Cellulitis and treatment: a qualitative study of experiences

K. Carter, Sally Kilburn, P. Featherstone

Research output: Contribution to journalArticlepeer-review


Although cellulitis is usually a relatively mild condition, it is potentially life threatening, often necessitating emergency treatment in either the acute or community care settings. The treatment of cellulitis with antibiotics is well established, with effectiveness generally measured against purely biochemical and clinical outcomes (Cox, 2002). Although important, these outcomes are centred purely on the disease process from the medical perspective and little is known about patients' experiences of cellulitis. This qualitative study explores patients' view on the management of community-acquired cellulitis in the secondary healthcare setting. Data were collected through semi-structured groups and individual telephone interviews. Participants were selected through purposive sampling and the Framework Analysis Technique was used to analyse the data. Three superordinate themes emerged: initial presentation/motivation for seeking help; confidence and satisfaction; anxiety and dissatisfaction. Severe pain was almost universally a cause of distress and flu-like symptoms delayed recognition. Health information and communication was generally poor. Participants largely welcomed a move from inpatient to day-patient or outpatient care provided there was adequate information and support. To meet the diverse needs of cellulitis patients, services must be more flexible and tailored to the needs of the individual. Patients are often not told what they can do to prevent recurrence.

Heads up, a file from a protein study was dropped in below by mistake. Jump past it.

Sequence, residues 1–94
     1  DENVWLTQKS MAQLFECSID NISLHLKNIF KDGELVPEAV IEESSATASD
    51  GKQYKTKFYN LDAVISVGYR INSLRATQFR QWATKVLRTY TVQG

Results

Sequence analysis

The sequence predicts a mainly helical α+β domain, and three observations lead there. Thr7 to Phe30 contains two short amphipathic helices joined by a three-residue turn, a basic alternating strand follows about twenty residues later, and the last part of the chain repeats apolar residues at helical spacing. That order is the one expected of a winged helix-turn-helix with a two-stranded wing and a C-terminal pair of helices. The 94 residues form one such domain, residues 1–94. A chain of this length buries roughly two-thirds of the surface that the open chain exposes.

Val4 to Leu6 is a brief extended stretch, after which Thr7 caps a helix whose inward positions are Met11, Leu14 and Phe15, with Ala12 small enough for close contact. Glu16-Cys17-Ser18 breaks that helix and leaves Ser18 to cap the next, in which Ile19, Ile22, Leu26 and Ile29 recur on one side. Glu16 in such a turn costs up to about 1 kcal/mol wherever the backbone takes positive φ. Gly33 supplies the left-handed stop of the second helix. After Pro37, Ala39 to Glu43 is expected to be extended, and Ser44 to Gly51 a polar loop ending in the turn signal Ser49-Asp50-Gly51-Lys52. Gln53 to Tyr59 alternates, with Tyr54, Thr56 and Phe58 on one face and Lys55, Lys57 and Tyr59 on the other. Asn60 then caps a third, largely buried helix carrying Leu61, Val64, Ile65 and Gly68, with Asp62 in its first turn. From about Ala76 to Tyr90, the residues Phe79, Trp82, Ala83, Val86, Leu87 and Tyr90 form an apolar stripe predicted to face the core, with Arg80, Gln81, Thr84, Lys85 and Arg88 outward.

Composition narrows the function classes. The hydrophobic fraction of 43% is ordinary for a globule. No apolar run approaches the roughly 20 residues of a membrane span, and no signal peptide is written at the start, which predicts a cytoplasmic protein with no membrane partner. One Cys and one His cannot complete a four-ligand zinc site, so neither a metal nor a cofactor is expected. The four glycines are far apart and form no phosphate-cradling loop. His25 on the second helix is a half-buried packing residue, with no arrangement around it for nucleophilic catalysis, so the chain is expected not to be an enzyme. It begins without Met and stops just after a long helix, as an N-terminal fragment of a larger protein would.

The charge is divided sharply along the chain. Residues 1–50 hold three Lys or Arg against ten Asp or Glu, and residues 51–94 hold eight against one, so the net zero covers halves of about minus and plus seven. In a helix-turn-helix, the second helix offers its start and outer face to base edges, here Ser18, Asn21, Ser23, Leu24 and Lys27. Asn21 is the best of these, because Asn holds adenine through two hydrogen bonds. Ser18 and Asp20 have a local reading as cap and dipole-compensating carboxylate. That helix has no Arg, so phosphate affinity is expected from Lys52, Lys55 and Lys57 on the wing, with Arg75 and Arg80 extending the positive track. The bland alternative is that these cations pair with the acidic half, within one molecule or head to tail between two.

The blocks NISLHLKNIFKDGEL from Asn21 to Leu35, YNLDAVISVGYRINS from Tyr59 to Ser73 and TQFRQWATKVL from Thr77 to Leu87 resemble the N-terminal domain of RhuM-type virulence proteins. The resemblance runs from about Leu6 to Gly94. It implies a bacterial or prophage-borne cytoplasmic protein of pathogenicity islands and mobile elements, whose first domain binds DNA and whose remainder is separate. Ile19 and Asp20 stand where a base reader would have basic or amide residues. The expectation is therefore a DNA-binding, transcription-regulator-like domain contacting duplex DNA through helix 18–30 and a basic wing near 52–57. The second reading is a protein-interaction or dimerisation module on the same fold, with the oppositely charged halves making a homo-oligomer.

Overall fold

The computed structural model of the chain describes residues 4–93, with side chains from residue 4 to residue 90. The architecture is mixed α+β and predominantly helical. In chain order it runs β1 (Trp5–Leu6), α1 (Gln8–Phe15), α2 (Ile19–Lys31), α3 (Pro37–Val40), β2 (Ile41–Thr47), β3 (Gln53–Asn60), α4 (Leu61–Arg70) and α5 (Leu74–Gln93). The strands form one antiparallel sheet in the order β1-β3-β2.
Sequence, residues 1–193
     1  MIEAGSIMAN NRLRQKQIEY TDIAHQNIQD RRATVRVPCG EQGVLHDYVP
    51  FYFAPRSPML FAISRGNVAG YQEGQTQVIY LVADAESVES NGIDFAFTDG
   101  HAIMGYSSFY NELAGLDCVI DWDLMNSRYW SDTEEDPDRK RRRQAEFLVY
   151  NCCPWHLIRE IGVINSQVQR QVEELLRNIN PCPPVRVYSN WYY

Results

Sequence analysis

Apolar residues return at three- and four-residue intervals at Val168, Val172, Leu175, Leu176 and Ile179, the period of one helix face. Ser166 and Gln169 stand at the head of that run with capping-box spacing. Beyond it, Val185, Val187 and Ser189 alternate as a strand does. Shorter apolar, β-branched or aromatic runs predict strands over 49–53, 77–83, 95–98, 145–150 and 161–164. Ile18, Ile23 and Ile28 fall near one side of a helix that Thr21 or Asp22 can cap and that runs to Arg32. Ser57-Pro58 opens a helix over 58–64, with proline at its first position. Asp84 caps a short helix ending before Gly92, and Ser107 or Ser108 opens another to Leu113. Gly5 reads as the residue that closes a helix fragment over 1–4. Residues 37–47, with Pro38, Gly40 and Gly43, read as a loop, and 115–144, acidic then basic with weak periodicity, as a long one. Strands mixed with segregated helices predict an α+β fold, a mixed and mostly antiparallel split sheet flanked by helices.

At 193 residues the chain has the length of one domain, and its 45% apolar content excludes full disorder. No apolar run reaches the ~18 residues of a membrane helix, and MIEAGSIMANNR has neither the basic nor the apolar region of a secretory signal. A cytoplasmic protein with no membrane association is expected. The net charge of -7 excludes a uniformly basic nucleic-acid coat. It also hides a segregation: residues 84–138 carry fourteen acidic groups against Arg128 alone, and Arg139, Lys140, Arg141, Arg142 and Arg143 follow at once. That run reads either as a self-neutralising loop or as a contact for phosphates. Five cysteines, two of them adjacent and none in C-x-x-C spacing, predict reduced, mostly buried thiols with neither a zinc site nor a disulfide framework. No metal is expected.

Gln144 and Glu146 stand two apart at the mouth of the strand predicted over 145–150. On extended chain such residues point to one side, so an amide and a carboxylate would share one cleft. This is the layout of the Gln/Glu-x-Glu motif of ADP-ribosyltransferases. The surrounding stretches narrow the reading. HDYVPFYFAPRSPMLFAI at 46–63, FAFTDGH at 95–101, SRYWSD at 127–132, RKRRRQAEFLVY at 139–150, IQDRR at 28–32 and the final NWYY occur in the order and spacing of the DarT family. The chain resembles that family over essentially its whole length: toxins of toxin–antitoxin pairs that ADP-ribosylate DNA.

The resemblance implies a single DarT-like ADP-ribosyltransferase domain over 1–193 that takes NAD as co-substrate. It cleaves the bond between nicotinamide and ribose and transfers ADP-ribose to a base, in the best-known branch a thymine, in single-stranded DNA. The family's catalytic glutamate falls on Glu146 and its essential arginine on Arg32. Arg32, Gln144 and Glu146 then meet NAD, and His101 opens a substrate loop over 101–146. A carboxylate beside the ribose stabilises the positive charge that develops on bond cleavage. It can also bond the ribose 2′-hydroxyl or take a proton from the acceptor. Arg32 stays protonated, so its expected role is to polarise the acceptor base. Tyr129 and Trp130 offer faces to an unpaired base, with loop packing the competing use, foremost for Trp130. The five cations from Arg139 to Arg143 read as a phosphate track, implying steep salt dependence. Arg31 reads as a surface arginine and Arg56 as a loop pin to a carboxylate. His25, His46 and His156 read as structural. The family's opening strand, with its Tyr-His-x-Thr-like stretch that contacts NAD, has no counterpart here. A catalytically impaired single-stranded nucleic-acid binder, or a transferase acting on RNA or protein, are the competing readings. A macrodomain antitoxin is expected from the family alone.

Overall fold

Original languageEnglish
Pages (from-to)S22-S28
JournalBritish Journal of Nursing
Issue number6 Supp
Publication statusPublished - 22 Mar 2007


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